Hamilton County Commissioner Joe Graham invited a state methamphetamine expert to brief colleagues Thursday on the annual costs of methamphetamine use in the area.
Graham is proposing that commissioners vote next week to ask the Tennessee General Assembly to make pseudoephedrine, the key ingredient in meth, a controlled substance. Then residents would have to have a prescription to obtain cold medicines containing it.
Tennessee Meth Task Force Director Tommy Farmer did not take a position on pseudoephedrine as a controlled substance, but he said there are three or four methods for cooking it.
"In all of those, the common denominator is pseudoephedrine," Farmer said. He said that pseudoephedrine was a controlled substance before 1975. These days, he added, there are 137 alternative cold treatment products on the market.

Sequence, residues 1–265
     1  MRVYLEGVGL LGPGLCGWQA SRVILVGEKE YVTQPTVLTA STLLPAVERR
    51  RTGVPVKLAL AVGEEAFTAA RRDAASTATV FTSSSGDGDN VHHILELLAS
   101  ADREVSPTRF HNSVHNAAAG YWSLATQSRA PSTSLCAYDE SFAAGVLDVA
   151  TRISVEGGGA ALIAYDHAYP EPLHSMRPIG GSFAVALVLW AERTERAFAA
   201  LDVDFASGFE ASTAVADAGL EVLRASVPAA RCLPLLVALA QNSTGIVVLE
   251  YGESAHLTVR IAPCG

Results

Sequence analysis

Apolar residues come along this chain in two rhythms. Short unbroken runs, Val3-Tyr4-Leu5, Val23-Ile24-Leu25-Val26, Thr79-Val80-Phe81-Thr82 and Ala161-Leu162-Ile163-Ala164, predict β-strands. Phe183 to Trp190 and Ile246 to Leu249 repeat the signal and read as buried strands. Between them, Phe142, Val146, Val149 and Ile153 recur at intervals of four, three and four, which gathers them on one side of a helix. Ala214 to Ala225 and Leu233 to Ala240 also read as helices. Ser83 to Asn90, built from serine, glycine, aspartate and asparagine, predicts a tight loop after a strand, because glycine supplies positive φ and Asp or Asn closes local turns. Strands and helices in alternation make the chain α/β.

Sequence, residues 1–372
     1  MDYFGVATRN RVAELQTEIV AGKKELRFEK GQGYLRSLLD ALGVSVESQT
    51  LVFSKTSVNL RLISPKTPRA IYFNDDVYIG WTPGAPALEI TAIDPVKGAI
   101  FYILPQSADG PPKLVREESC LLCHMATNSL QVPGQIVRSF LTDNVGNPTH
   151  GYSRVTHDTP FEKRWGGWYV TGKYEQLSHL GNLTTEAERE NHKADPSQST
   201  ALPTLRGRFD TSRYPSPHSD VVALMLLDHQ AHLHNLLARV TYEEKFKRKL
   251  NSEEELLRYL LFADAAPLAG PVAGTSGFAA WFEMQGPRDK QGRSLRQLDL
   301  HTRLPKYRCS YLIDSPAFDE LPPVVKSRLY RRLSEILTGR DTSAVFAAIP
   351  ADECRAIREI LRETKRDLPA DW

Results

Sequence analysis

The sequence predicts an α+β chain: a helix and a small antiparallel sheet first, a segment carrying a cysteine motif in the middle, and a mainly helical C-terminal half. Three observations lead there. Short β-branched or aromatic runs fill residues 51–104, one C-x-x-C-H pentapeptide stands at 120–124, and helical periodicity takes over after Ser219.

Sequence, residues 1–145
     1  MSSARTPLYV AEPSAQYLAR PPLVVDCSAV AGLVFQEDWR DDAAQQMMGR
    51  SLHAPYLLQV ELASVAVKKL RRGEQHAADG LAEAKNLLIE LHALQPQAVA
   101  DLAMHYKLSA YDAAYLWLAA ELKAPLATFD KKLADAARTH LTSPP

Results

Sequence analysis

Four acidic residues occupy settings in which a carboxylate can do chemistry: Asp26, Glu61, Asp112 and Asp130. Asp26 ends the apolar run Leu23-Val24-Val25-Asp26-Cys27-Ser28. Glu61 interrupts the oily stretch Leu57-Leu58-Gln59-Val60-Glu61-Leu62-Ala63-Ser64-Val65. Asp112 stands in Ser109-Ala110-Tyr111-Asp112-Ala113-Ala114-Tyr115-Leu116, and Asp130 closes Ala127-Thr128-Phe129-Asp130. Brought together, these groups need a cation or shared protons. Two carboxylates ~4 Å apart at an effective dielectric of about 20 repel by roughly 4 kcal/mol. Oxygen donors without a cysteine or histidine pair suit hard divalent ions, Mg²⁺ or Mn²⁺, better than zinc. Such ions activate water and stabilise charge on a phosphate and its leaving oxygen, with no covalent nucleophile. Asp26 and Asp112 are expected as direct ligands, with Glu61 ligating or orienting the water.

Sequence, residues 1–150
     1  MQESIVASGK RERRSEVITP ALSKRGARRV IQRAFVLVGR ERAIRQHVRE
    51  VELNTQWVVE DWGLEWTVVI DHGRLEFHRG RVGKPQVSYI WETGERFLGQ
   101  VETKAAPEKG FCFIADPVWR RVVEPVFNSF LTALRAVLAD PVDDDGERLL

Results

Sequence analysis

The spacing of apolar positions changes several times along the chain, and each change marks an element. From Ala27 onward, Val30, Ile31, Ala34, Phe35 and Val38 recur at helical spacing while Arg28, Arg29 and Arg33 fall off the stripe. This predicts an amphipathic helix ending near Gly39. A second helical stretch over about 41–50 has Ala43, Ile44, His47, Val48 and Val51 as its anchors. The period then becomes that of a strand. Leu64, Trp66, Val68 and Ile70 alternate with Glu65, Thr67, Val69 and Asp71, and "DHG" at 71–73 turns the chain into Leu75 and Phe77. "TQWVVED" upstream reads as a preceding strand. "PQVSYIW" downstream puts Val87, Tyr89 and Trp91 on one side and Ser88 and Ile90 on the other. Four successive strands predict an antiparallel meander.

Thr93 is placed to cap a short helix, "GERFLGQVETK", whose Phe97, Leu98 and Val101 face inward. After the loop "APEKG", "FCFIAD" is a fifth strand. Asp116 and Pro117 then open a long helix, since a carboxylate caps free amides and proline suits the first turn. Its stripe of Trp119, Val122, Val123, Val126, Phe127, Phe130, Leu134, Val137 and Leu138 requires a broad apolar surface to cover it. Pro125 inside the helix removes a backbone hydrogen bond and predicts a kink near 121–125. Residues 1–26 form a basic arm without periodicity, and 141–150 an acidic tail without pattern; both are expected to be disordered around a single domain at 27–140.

Graham said similar moves in Mississippi and Oregon greatly have reduced costs associated with methamphetamine labs and their cleanup in those states.
"The County Commission funds the sheriff's department, and the sheriff's department takes care of these methamphetamine-contaminated properties," he said.
Commissioner Greg Beck said he opposes the measure.
"This would put a hardship on poor people," Beck said. "I think some of this substance is also in cough drops. Everybody can't afford to go to the doctor."
Commissioner Warren Mackey signaled that he'd rather spend money on schools rather than meth lab cleanup.
"I realize this is a state issue, but I think this a way Hamilton County can show some leadership," Graham said.
The commission will vote on the resolution Wednesday.